In this module, we are aiming for a bottom-up format of training, namely, starting from the expertise of the social leadership of ANFASEP (National Association of Relatives of Kidnapped, Detained and Disappeared Persons of Peru), to unfold their praxis of community base psychosocial accompaniment that they had when providing supports to women and families after the Peruvian internal armed conflict between 1980-2000. This conflict left devastating social effects: 69,000 dead, 600,000 displaced, more than four thousand burial sites, thousands of orphans, raped women, broken communities, etc. and especially affected families and communities that historically have been exposed to dynamics of inequality, exclusion and discrimination (TRC, 2003).
After the conflict, family and community organization were one of the first coping strategies that rose from the victims themselves (accompany and support each other in the different moments of their struggles). They started to draft strategies of self-organization and networking, forming grassroots organizations, and learned how to confront the political and military authorities to look for their disappeared parents, husbands, siblings, etc. These grassroots organizations have been looking for their disappeared family members during the last 35 years, at the same time they have been advocating for truth, justice, and reparation. Later, when transitional justice processes like TRC were put in place, social organizations were active throughout the process. Also, during judicial proceedings, they have proposed local practices to accompany the identification of burial sites, exhumations, identification of remains, delivery of human remains, burial ceremonies, and other mourning services.
The training project aims to build together with grassroots organizations on the identification of techniques, methods, and tools that they have been using during all these years in order to put them in dialog with Community Psychology approaches (theories and methods) and to disseminate this know-how with other grassroots organizations. This training program aims to highlight how local organizations use their values, traditions and cultural identifications as resources and main strengths to build their social support and networks. Moreover, how they activate inner process of empowering themselves to carry on participatory processes and community mobilization.
The training program will start in Ayacucho, where 20 participants from grassroot organizations affected by the armed conflict will participate, namely: Anfasep (National Association of Relatives of Kidnapped, Detained and Disappeared Persons of Peru), Aprohvip (Provincial Association of Orphans and Victims of Political Violence), Afavip (Association of Families Affected by Political Violence) and other family members of victims from Cayara and Acocro. The team of trainers include community psychologists with experience in handling sensitive cases of people exposed to collective violence and human rights abuses. A community-based approach will be considered along all the course, especially if dilemma situations or sensitive cases rise during the course.
The main selected topics are based in the community mental health model (Rivera-Holguín, Velazquez, Custodio, Corveleyn, 2018) and have been organized in five sessions, which includes participatory activities, dynamics, and ad hoc exercises. Main contents to be included are:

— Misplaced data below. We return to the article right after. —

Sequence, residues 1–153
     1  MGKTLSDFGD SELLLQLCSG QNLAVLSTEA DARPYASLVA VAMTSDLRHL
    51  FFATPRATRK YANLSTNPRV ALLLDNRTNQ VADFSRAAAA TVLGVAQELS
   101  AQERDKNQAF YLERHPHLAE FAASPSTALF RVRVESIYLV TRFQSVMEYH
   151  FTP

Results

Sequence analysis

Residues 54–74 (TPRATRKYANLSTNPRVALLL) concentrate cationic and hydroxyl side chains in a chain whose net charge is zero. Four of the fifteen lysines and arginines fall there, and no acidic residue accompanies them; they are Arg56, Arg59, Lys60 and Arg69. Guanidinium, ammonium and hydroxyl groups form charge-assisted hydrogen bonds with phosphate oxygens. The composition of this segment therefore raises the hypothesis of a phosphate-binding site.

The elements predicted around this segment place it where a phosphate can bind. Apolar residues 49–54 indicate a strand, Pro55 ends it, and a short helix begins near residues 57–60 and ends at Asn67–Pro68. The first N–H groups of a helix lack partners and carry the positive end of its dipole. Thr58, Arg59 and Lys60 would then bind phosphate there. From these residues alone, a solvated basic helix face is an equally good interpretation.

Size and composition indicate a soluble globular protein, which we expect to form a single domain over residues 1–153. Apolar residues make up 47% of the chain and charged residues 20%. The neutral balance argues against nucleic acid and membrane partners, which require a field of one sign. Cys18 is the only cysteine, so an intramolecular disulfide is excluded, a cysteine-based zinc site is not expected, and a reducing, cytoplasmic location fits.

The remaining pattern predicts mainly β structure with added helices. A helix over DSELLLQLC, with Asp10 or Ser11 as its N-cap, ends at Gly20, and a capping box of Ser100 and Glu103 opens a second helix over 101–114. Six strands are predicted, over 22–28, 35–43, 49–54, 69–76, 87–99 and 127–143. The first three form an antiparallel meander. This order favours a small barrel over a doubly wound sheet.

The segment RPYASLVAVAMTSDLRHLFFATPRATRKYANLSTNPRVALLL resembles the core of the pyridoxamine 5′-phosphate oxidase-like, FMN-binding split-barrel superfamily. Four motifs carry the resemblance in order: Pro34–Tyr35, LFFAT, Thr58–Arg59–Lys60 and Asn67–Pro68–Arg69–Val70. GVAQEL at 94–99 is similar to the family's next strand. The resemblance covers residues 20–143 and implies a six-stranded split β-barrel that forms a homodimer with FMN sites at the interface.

Participatory concepts and methodologies will be included, as well as individual and group evaluation processes throughout the training process. The mainstreaming of experiential techniques, peer support, and lessons learned (systematization) will be considered as main training tools. Along with inviting participants to take leading roles in all the modules in order to keep their active involvement and to prevent the Peruvian tendency to prioritize academic knowledge over local knowledge.
Opposite to traditional training programs, facilitators will challenge their strategies to build on/from the community knowledge to the academia, and to match/translate the praxis used by Quechua people into concepts and methods that can be systematized as learnings and later on disseminated on different platforms. This training program aims to strengthen the community mobilization of social human rights organizations, and seeks to contribute not only to their recognition and welfare, but to the construction of public policies based on participation, that is to say, it is about building policies with the communities, which favors sustainability (Bishop, Vicary, Browne, & Guard, 2009).
We are happy to further discuss our proposal, if you had similar experiences before or have suggestions please contact us to share your thoughts, challenges or suggestions, for sure will enrich our experience. Feel free to write us: firstname.lastname@example.org and email@example.com.
Beristain, C.M. (2012). Acompañar los procesos con las víctimas. Atención psicosocial enlas violaciones de derechos humanos. Colombia: Fondo de Justicia Transicional, Programa Promoción de la Convivencia y PNUD.
Bishop, B.; Vicary, D. Browne, A. & Guard, N. (2009) Public Policy, Participation and the Third Position: The Implication of Engaging Communities on their Own Terms American Journal Community Psychology, 43, 111–121. DOI 10.1007/s10464-008-9214-8.
Comisión de la Verdad y Reconciliación (2003). Informe Final. Lima: CVR.
Jave, I. (Coord.) (2018). Organizaciones de víctimas y políticas de justicia: construyendo un enfoque humanitario para la búsqueda de personas desaparecidas. Lima: Instituto de Derechos Humanos de la Pontificia Universidad Católica del Perú y Ford Foundation.